SLAC Today logo

From the LCLS Directorate: Commissioning Status

(Photo - Dale Knutson)
Associate Lab Director Dale Knutson. (Photo by Brad Plummer.)

The Linac Coherent Light Source is presently in its third phase of electron beam commissioning. The first phase, from April through August 2007, focused on the new electron injector and diagnostics needed to meet the LCLS beam requirements. The second phase of commissioning for this new generation of lightsource encompassed the full one-kilometer linac—the last third of the two-mile SLAC linac—that will carry the LCLS electron beam to the Undulator Hall. (See the LCLS interactive map for the layout.) The final commissioning phase began in November 2008, and is now focused on the new electron transport line from the linac through the undulators to the electron beam dump at the end of the line. Concurrently, the X-ray front-end systems, just downstream of the electron dump, are being installed and will be ready for commissioning in May 2009. A dedicated team at SLAC and our collaborators at Argonne National Laboratory and Lawrence Livermore National Laboratory deserve all of the credit for the very successful work to date.

During commissioning phase I, the first electrons from the new radio-frequency photocathode gun, which was designed and built at SLAC, were observed on April 5, 2007. The beam was quickly established to the nominal injector energy (250 MeV) in the SLAC linac. Over the next five months all injector systems were commissioned and the beam accelerated to as high as 16 GeV using the last third of the SLAC linac. This range of energy levels meets the minimum performance expected for user operations and the injector has performed extraordinarily well.

Phase II of commissioning, from December 2007 through August 2008, was focused on precise control of the radio-frequency klystrons that drive the linac, and demonstration of acceptable beam performance through the full linac, including tightly-packed electron bunches. Careful measurements of beam quality showed good performance and validated the accelerator design.

A laser heater system was fully installed on December 10, 2008, and was up and running successfully just two hours after installation was complete. The laser heater adds a beam "heating" effect that helps to stabilize the electron bunches. Though functioning well, the heater does not create all of the stability hoped; however, the small level of remaining instability appears to be low enough not to break up the beam significantly.

(Photo - Commemorative LCLS
The commissioning team earned the nickname "Two-shot" for their successful adjustments to beam steering December 13, 2008. (Photo by Shawne Workman.)

Phase III of commissioning is now well under way, focusing on the transport line that carries electrons from the linac through to the undulators, and the 132-meter permanent magnet undulator that will jog the electrons to generate X-rays. Beam was transported through the 340-meter linac-to-undulator transport line on December 13, 2008, in just ten minutes, and intentionally stopped on the insertable tune-up dump just in front of the undulator. After about one hour of preliminary measurements and small adjustments to the beam trajectory, the stopper was opened. The first shot of electrons was transported only about 25 meters into the undulator, where it was lost. But the saved trajectory information was then used to correct the steering, and the second shot was successfully transported all the way through the undulator to the main dump.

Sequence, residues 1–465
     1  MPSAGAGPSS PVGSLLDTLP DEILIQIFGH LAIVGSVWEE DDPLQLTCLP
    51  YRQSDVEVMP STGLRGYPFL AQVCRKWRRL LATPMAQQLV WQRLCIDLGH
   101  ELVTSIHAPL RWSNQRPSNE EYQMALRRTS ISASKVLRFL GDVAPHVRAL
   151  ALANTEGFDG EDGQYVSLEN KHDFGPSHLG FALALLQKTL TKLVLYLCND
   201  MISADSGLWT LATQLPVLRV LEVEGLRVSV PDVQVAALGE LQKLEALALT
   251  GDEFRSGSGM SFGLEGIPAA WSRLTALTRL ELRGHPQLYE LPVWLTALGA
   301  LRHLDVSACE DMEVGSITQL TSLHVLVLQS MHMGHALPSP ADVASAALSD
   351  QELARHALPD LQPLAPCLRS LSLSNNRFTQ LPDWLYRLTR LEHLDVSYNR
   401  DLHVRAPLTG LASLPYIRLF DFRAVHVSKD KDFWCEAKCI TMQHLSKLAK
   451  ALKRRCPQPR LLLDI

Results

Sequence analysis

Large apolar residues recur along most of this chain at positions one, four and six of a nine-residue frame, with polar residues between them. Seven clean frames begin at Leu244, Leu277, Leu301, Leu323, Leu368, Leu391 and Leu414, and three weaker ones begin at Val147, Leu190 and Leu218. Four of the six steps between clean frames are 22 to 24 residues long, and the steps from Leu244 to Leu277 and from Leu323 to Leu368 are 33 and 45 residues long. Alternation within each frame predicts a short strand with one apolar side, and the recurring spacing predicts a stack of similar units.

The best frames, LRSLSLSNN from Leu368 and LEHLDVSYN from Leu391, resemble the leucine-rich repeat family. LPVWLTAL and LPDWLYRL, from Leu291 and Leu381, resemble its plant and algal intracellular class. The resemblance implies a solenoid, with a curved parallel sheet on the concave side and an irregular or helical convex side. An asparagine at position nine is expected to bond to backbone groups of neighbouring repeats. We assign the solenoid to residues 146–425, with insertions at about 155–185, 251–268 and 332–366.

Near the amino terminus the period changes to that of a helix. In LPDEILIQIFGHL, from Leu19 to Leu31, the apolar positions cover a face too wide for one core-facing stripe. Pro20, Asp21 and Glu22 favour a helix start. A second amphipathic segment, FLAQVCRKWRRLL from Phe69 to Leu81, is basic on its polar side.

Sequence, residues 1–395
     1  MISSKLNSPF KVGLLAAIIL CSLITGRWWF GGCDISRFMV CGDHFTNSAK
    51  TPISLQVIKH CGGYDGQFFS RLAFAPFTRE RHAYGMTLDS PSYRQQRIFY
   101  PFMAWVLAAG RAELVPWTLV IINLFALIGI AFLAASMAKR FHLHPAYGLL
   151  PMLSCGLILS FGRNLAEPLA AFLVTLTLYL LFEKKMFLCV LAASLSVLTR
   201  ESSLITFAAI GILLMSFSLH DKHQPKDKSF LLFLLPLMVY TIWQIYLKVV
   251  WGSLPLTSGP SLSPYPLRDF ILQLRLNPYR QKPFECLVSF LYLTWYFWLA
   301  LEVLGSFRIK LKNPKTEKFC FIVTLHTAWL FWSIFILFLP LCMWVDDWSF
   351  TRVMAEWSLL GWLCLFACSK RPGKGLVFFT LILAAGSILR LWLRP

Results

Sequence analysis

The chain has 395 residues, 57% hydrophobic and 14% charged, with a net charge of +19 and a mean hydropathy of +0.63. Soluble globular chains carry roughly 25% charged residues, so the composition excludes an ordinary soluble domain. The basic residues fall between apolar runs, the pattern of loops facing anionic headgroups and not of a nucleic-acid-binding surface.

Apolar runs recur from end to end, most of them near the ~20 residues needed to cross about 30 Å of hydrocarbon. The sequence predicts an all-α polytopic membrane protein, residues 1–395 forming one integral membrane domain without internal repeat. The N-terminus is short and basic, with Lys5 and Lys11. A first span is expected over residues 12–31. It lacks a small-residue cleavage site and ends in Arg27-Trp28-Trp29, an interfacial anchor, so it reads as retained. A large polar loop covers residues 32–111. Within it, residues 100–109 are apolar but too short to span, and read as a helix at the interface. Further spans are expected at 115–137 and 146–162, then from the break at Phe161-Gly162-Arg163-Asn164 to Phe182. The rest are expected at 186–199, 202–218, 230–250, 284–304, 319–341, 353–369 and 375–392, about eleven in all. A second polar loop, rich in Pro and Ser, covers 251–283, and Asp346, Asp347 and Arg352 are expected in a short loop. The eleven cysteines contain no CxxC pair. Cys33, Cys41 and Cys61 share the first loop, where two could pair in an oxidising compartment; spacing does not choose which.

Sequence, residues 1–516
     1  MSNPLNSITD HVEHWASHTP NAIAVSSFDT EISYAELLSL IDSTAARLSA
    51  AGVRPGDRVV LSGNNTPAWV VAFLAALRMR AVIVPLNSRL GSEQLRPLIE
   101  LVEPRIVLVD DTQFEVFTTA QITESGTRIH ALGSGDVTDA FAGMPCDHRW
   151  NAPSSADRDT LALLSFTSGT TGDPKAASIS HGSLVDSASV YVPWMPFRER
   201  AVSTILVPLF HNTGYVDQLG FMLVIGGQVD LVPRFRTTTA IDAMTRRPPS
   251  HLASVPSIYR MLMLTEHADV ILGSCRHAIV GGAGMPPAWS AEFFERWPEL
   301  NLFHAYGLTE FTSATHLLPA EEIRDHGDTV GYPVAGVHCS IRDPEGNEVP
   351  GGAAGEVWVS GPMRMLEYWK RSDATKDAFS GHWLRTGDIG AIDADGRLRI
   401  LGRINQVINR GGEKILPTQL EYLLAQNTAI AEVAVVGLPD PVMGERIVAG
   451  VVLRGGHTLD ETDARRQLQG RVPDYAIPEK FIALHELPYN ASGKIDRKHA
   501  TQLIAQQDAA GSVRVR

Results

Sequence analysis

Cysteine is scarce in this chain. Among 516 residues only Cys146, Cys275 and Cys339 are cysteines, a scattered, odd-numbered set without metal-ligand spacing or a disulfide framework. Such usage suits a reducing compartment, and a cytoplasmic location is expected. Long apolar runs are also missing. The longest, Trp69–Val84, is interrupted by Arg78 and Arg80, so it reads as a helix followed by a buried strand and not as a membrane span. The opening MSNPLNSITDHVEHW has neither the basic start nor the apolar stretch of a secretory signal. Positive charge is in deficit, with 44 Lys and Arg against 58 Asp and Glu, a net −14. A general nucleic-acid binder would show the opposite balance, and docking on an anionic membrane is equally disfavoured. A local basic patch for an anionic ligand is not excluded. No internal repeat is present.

After this happy milestone event, the real work began.

The commissioning work since December has concentrated on checking the many new systems and their controls and interlocks, including setup of the collimation system to focus the electron beam, commissioning of the new wire-scanners used to quantify beam brightness, careful corrections of the beam trajectory, checkout of the new machine protection systems, and precision alignment of the undulators. A new method of beam-based alignment has now been successfully tested and is able to establish the required "few-micron" alignment of the beam through the undulator. At present only one undulator magnet is mounted on its girder. A test run of the beam through the undulator resulted in spontaneous X-rays. At least 18 undulators (of 33 possible) will be installed in early March, providing the first possibilities for free-electron laser light soon after.

(Photo - an LCLS undulator)
The first 3.4-meter long undulator segment installed on one of the 33 girders. (Photo courtesy of the LCLS commissioning team.)

The next phase of commissioning will start in May 2009 and will switch the focus from electrons to photons. By that time, the X-ray instruments for diagnostics and control will be installed in the Front End Enclosure, just beyond the electron dump, and will be ready for commissioning. The present measured electron beam brightness appears to be adequate to produce free-electron laser X-rays as soon as the Front End Enclosure is ready for beam.

Meanwhile, the X-ray transport systems are being extended into the Near Experimental Hall and the first LCLS X-ray experimental instruments are being installed. (See "Where the LCLS Ends: The AMO Instrument" for the first.) The Near and Far Halls are designed to contain six major X-ray instruments, optimized for a wide range of scientific experiments. This new machine will introduce a unique new tool for X-ray studies, with unprecedented peak brightness, 1-Angstrom spatial resolution, and femtosecond-scale temporal resolution. The world's first free-electron laser X-ray light is expected in the summer of 2009, and initial experiments will begin immediately to make use of this revolutionary new light source.

—Dale Knutson and the LCLS commissioning team
SLAC Today, March 2, 2009